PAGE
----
Hippocampus,a library for children in Bangalore,is an example of how books “can be marketed like ice-cream and not green vegetables.” At a sprawling 3,500 sq feet,with 1,400 titles,candy-coloured walls and inviting bean bags,it has an ambience that can melt the toughest little tyke. On any weekend,it hosts activities around reading — or events that can simply make the child linger. Eureka,too,built its clientele through regular book events (Roald Dahl Days or book-making sessions) and a complete grip on what,how and why children read. “Children will read if you combine access to good books with an experience they cannot forget,” says Umesh Malhotra,the owner of Hippocampus.

But an unlikely ally for all those involved in the business of peddling books has been a different kind of page—the Web. “Months before Brisinger,Christopher Paolini’s latest book released last year,I had children in my school asking for copies because they had read about its release in the US and UK markets,” says Khanna,Shri Ram School librarian. Malhotra has had tots walking up to him,quizzing him about the latest Brian Jacques novel that he should have stocked in his library. “Because of the demand,the time gap between a book’s international release and its availability in India has gone down,” says Venkatesh.

Because much of their life fits into the template of a screen —TV,computer,cinema,video game—reading for the multitasking generation also taps into other media. “If you have to get children to read,you have to compete with Cartoon Network,” says Malhotra. And if you can’t beat them,join them. So there are touch-and-feel books for toddlers who have not even begun reading,or books based on popular films like Madagascar and High School Musical or shows like Ben10 Alien Force,which serve as entry points into the world of books. “Many popular stories exist not just as books but as films,TV shows and games. The reading experience has a 70 mm feel to it,” says Malhotra.

Take The 39 Clues,the latest release of Scholastic,the international publishers of the Potter series. It follows the exploits of two orphans Amy and Dan Cahill. To promote the ten-part book,the publishers sent teenagers across the world on a Web treasure hunt that involved reading each book (only three are out),collecting the cards that come with it and play the game online. One of the winners is a teenager from Bhopal,13-year-old Parth Athley,who has won a cool $200. A computer and book buff,Parth does not have many children’s bookshops in his city but the Internet is his window to a whole new planet.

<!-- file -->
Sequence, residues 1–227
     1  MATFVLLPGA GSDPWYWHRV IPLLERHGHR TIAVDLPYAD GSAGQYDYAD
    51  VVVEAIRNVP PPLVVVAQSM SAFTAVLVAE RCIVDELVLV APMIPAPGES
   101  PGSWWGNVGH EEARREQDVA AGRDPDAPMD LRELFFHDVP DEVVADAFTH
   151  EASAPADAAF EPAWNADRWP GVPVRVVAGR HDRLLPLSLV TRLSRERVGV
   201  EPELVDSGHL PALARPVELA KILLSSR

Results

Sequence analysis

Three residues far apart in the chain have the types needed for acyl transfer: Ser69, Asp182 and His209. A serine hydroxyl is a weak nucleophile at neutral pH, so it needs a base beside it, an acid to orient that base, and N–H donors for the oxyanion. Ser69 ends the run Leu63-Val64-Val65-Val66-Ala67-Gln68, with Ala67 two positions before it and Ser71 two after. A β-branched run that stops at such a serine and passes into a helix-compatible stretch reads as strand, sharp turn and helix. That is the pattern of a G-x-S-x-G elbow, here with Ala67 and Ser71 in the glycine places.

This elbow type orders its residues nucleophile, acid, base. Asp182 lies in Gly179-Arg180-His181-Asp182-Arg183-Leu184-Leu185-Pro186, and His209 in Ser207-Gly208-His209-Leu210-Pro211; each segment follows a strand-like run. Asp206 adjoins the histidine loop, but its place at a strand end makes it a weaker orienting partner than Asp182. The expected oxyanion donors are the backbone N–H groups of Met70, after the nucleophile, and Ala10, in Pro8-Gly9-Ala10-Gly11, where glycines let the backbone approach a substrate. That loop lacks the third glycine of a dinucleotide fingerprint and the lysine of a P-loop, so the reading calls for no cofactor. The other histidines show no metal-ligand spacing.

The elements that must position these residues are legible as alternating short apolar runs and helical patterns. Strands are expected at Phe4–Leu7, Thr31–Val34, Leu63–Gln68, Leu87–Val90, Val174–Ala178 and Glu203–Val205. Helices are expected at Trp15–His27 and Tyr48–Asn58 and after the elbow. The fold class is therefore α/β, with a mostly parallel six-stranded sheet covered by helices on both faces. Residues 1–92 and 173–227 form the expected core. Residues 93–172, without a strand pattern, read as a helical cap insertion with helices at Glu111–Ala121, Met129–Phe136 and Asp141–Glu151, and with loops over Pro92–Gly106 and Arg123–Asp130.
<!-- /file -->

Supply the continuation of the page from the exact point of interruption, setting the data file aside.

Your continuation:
If you still think they are the Enid Blyton generation,we suggest you journey out of literary Dark Ages. Though Blyton is still read by little children,her characters,written as far back as the 1940s or 1950s,are being replaced by younger,more contemporary ones. “There has been a flood of new promising authors over the last few years. From fantasy to simple teen love stories,the books cover a wide range of experiences and genres,” says Sujata Sen,director,British Council Library,east India.

One look at their bookshelves and you’ll know these are readers of a flat world. Dhruv is quite taken by Anthony Horowitz’s Alex Rider series—the adventures of a supercool 16-year-old Mi5 agent,a young James Bond with lethal gizmos that makes Famous Five seem just what they are—so last century. Meyer,a Mormon mom of three who lives in Arizona,is not the only name staring out of Sanchi’s bookshelf; there is Horowitz and Ann Brashares,Eva Ibbotson and Roald Dahl. You bet you will have a tough time carrying on a literary conversation. “In comparison with these books,the world of Enid Blytons seem tranquil,more innocent,” she says.

But even a teen James Bond is a muggle and has to lose out to fast-paced tales of fantasy and magic,which has the most loyal readership. The Artemis Fowl series about a ruthless young criminal packs in big screen fun; its author Eoin Colfer called it “Die Hard with fairies”. As does Christopher Paolini’s Inheritance Cycle,about a teenage boy Eragon and his dragon Saphira. A fun way to hoard up on all the trivia about Greek myths is Rick Riordan’s Percy Jackson series,which is about the adventures of a half-god,half-human boy. “Fantasy has always been a hit with children for the visual imagery,the larger-than-life action and pace,” says Sen. Little girls like princesses and there are many on offer—from the Rainbow Magic series and Charmseekers by Amy Tree to the Tiara Club series and Meg Cabot’s Princess Diaries. While the previous generation graduated swiftly from Hardy Boys to classics,very few young adults have explored the world of Charles Dickens or Jane Austen. So complete and absorbing is their imaginative world.

“But they are still reading stories about human possibility,about friendship and facing challenges together. Their heroes are flawed,full of doubt but promise,” says Khanna. That is to say,Sanchi and us,we are still on the same page.
(Inputs from Piyasree Dasgupta and Shalini Rai)